Historically, this is what people understood theopneustos to mean. This is why translations from the Peshitta and Vulgate on down, including all English translations until the NIV, used "in-spired" (breathed into) instead of "ex-spired" (breathed out). It is, as near as I can tell, what was generally believed until Warfield redefined theopneustos. (I've stated that several times, and people who have had their thinking on inspiration framed largely by Warfield never seem to give it a thought. Interesting. You would think people would either investigate or refute that statement. Since Warfield said his definition wasn't the Biblical usage, you'd think people who have drunk at his well would want to re-think their understanding of the word.)

Thus, "the inspiring goes on" in the sense that the Scriptures are and continue to be the conduit of the life-giving breath of God which is given to us. What God started when He breathed into the Scriptures hasn't stopped.

I'm arguing that theopneustos means in-spiration. You are advocating that it means ex-spiration, that the Scriptures are special because they were breathed out by God, but that action of God really finished when He completed the act of giving them. My view is that God breathed into the Scriptures and they still breathe the breath of God, living and life-giving, and that this is the force of the word as it describes the divine nature/quality of the Scriptures. My view is very ancient, and has excellent Biblical support in the context and the connotations of pneo. Yours is approximately 130 years old, and I can't see that anyone has ever provided any sound exegetical or linguistic reasons for the change. Warfield shifted for theological purposes without giving any real exegetical reason for doing so.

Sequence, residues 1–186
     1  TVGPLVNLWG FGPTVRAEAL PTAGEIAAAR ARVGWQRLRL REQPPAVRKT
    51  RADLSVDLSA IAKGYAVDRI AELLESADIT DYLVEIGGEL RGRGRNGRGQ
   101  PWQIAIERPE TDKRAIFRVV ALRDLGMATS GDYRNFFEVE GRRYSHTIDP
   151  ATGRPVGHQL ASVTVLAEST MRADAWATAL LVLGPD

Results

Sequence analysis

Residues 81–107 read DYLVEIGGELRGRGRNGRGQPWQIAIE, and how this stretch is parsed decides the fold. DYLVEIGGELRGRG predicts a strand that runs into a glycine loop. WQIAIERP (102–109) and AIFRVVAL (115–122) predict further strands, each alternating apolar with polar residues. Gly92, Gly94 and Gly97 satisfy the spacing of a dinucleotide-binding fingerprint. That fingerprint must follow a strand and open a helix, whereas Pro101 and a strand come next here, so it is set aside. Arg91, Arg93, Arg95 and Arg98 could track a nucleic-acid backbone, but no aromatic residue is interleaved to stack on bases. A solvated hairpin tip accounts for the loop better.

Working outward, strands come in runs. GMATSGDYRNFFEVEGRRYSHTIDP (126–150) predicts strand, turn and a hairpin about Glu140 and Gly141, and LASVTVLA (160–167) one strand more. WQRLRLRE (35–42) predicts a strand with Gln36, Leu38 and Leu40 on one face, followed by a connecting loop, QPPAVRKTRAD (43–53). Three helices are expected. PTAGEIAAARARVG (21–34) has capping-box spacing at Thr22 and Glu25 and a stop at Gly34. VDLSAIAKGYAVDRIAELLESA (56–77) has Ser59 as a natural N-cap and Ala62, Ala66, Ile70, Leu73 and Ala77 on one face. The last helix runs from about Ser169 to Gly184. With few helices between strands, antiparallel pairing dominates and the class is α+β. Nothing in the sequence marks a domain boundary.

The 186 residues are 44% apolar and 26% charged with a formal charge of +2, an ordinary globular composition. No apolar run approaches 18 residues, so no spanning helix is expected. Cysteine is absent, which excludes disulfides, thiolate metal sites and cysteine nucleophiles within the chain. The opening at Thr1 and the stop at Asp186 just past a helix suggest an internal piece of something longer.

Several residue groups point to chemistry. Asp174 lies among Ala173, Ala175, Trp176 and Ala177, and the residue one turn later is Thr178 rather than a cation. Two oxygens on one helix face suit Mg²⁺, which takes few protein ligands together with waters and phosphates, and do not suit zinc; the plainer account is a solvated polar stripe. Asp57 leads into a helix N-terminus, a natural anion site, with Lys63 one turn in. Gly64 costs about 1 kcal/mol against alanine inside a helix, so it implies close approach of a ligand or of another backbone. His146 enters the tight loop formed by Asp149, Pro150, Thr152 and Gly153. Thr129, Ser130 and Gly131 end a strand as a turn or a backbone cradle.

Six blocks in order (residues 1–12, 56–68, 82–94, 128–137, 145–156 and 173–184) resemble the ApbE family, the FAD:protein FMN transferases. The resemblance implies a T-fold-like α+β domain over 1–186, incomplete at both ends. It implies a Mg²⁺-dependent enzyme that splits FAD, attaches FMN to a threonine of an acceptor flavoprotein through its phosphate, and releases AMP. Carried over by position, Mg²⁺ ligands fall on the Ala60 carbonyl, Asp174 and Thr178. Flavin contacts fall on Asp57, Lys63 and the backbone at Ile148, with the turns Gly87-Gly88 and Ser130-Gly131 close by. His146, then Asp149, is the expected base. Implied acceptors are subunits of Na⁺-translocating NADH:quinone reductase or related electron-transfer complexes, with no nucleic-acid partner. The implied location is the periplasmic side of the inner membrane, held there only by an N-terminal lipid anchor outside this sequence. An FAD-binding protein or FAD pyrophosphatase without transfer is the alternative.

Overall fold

Not persuaded? I'm not surprised. We've been taught that Warfield is the gold standard on inspiration. FWIW, my uncle, who teaches theology in a Reformed seminary, told me not long ago, "Warfield is great on everything -- except inspiration." Pink didn't buy it, either. It's not just one wacky guy, nor is it only KJVOers, who are saying, "Wait a minute!"

JG's picture

Aaron Blumer wrote:
JG wrote:
What you call the act of inspiration, what I (and the Westminster Divines, bringing the heavyweights in on my side ...would call immediate inspiration, only happened with original autographs (though as I've demonstrated, in some cases that's a little fuzzy). Copies were not immediately inspired, nor were translations. We're agreed. We're also agreed that the divine quality resulting from God's giving of His Word exists in copies and translations, to the extent they reflect the words that God actually gave.

It appears that we disagree about nothing, then.... except that you don't seem to think people who believe this should say so?

Now we'll get back to why I got involved in this thread in the first place. We agree on manuscript copies apparently, but people reading your words wouldn't think so. They would think that manuscript copies aren't inspired, because you use the Biblical term (inspiration) to describe the act, when it means more than that. Now that I pushed on it, you are talking about the "act of inspiration", which certainly helps. "Immediate inspiration" was used historically. I somewhat prefer "inspired inscripturation", because that puts the focus on the process of writing more sharply, but whatever....

But our real disagreement is on focus. You are focused on manuscripts, but I focus on text, on words. The words are inspired. Peter focuses on text. So do the Scriptures. Every statement in the Scriptures about their nature focuses on the text, the words, not on particular manuscripts. Manuscripts have errors, but God's words are not manuscripts -- those are only vehicles. Peter isn't arguing (I don't think he is, anyway) that any one manuscript is perfect, nor am I, nor do the Scriptures -- the Scriptural writers aren't interested in that. They are interested in the text, the words.